America was built by farmers, and to this day, farming is a generational industry for many.  So why are federal agencies, led by President Obama appointees, intent on taking steps that will undermine and ultimately destroy our nation's agricultural heartland?

It's no secret that liberals hold fatty, high-carbohydrate dairy and corn products directly responsible for our nation's obesity rates.  They blame farting cows for a depleted ozone layer and consider farming streamlined animal abuse.  Yet the government's attempt to effectively ban farm kids from working on their own farms goes beyond outrageous.

Under new standards being advocated by the Labor Department, youths under the age of eighteen would be prohibited from working in hay lofts, giving shots, caring for baby animals, and being in the vicinity of animals whose behavior may be "unpredictable."  For the estimated 1.3 million youths living or working on farms, this means no longer being able to perform routine chores if the farm is set up as a corporation or a business partnership.  Today, the vast majority of family farms are legally structured in this manner.

Citing agriculture's high fatality rate, uninformed liberal elites have taken it upon themselves to create an image of uneducated, backwards farmers who are too stupid to protect themselves and their children.  In fact, the Labor Department believes that "[c]hildren employed in agriculture are some of the most vulnerable workers in America." 

Nothing could be farther from the truth.

While America is busy engineering politically correct, "bubble-wrapped babies," farm kids are raised to endure adversity, work hard, and take responsibility.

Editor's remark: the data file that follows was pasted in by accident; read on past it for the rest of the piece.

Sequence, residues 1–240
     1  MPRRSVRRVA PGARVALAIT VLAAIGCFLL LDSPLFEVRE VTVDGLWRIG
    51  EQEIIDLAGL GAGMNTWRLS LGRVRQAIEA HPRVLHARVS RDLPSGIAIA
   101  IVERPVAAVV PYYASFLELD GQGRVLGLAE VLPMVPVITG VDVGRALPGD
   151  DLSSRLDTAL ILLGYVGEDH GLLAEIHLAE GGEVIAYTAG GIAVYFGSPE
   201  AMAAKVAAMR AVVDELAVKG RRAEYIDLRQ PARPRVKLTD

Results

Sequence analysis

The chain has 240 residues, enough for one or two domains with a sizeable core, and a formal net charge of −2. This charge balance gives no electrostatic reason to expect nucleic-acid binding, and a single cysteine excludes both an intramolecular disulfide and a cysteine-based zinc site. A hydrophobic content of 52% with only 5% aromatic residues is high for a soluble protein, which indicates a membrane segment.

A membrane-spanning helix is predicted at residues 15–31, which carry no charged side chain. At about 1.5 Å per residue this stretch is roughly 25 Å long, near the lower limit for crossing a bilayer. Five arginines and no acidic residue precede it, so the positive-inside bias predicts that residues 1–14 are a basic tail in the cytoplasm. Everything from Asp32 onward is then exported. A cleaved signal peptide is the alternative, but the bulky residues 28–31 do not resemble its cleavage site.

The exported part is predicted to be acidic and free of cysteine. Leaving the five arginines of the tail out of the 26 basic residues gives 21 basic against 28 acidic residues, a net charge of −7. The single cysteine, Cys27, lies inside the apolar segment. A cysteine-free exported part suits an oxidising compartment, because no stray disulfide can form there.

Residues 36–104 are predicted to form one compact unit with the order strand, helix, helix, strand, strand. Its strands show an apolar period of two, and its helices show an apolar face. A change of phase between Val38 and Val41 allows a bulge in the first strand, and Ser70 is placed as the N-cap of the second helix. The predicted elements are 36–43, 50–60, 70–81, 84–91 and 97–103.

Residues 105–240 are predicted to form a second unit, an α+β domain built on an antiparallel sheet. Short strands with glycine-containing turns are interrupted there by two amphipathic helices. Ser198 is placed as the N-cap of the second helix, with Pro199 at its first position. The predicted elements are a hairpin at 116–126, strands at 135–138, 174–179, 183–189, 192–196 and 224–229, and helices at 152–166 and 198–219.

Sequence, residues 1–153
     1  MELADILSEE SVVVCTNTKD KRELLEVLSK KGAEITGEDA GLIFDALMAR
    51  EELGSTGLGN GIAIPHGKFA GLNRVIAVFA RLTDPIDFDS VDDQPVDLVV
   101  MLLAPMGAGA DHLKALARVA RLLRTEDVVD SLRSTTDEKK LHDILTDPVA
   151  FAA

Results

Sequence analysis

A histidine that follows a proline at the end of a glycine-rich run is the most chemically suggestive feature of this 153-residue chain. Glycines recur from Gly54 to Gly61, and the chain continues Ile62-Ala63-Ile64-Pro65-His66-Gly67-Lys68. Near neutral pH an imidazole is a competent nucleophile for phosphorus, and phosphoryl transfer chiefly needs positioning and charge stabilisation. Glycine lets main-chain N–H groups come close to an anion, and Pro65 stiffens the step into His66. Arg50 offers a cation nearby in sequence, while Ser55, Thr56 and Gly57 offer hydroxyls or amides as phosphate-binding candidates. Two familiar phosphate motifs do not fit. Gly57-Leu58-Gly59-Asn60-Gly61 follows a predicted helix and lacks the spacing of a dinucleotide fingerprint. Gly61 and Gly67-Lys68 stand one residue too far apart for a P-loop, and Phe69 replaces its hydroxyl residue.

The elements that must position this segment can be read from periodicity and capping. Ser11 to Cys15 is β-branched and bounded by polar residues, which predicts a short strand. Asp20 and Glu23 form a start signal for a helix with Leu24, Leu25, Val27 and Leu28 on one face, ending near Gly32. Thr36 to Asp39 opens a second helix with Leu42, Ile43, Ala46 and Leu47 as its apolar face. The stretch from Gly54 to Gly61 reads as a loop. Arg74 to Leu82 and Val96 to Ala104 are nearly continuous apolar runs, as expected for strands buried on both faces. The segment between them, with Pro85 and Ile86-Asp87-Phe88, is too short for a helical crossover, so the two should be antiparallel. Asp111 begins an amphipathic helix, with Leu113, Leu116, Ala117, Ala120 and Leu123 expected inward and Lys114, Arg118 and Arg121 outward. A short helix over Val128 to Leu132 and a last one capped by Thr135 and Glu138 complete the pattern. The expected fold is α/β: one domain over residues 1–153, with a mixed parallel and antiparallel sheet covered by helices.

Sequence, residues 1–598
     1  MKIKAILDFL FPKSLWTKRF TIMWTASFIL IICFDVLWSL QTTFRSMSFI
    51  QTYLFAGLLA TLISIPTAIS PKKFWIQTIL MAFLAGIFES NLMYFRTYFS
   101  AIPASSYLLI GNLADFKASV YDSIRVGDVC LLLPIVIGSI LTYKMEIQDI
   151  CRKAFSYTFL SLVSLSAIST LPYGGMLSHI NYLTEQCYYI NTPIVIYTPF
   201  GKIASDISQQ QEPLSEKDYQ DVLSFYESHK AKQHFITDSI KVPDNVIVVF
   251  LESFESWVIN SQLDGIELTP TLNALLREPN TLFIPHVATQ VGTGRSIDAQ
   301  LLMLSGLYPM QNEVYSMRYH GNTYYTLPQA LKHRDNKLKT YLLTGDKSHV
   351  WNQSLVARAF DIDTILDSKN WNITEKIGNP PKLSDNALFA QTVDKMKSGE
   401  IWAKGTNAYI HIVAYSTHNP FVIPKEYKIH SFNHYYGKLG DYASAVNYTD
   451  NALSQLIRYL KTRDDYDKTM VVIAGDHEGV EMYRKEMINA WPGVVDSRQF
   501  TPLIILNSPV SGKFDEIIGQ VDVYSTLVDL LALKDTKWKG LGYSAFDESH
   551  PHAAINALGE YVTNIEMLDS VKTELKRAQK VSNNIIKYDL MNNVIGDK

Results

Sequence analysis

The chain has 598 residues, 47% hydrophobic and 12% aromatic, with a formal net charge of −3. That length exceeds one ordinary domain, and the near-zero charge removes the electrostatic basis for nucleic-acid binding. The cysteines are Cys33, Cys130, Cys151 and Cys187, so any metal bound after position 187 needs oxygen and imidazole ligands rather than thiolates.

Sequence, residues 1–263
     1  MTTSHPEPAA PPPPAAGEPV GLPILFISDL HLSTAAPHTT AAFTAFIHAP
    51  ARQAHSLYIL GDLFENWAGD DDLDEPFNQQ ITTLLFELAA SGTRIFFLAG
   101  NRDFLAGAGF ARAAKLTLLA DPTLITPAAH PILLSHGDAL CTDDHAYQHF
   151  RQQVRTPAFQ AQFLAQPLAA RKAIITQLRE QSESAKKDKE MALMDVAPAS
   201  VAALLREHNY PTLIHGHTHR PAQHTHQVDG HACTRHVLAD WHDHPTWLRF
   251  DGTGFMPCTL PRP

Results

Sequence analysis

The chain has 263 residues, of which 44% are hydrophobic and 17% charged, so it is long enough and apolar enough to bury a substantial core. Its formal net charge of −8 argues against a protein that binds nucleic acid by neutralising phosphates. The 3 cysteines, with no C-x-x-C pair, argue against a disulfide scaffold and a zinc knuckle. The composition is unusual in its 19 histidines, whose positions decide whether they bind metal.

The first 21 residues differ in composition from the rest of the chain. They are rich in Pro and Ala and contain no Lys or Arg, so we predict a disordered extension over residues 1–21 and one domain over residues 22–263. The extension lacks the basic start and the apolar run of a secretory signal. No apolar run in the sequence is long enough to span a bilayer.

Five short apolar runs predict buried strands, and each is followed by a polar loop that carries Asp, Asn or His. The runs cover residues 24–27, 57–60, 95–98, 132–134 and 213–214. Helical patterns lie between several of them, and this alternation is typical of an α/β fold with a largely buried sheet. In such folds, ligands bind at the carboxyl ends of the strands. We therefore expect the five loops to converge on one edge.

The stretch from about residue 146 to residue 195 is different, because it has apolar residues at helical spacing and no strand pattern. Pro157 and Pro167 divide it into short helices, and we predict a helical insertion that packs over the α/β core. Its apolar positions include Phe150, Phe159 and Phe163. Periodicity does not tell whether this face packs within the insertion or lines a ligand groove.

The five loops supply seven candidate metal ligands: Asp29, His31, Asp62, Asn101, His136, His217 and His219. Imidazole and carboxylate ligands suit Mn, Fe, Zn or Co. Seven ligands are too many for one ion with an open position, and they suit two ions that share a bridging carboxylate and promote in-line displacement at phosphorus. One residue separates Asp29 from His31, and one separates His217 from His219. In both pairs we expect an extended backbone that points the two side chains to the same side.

Starting at very young ages, farm kids perform chores, fix machinery, and work with animals.  I drove my first tractor when I was thirteen, and even then, I was behind the "learning curve."  As a 130-pound high school freshman, I frequently wrestled 300-pound calves in order to perform routine chores like administering shots and tagging ears.

Was I a tough kid?  Absolutely.  We all were.  We all are.  My childhood was full of the strains, aches, and cuts liberal elites track as labor abuse statistics.  Then and now, I view these temporary discomforts as evidence of a hard day's work.

Years beyond their peers in maturity and experience, farm kids are capable of handling adult responsibilities at a younger age.  It's no surprise, then, that the majority of deaths and injuries occur to youth ages 16-19.  Still, farm-related injuries among youths have declined 48% from 1998 to 2009.

On average, 113 youths under the age of twenty die annually from farm-related injuries. Dividing this number by America's 1.3 million farm kids results in a fatality rate of 8.7 deaths per 100,000 youths.  However, 35% of these deaths are attributed to motor vehicles, ATVs, and drowning.  Youth deaths are consequently 75%-85% lower than the 2009 adult fatality rate, which was 24.7 deaths per 100,000 workers.

In comparison, the Centers for Disease Control report that 716 bicyclists were killed in 2008, and a sample of 100 hospitals recorded that nearly 240,000 kids fourteen and younger were treated for bike-related accidents.  In 2007, an additional 700-plus youths under the age of fourteen drowned.

Should we now ban kids from swimming and riding their bikes?

The University of Wisconsin attributes 63% of farm deaths to tractors and machinery -- tractor rollovers being the most common.  If the Labor Department were actually concerned about farm safety, it could address this issue alone.

But it's never been about protecting people.

Bureaucrats hate the quintessential American culture of family farms.  The independence-centered, "pull yourself up by your boot straps" emphasis on responsibility goes against everything they believe in.  Simply put, people who think for themselves and work hard don't live off the government.  And they certainly don't vote to keep liberals in power!  

Farming is part of our identity.  It is our way of life, our heritage, our patriotism, and the foundation of our generational values.  Farming is the essence of our loyalty to our families and our God -- and there is nothing more sacred than that.

That's why unelected liberal elites don't want farm kids working on farms. 

Josiah Cantrall was raised in the community of Farmington.  He is a political pundit and columnist.  www.josiahcantrall.com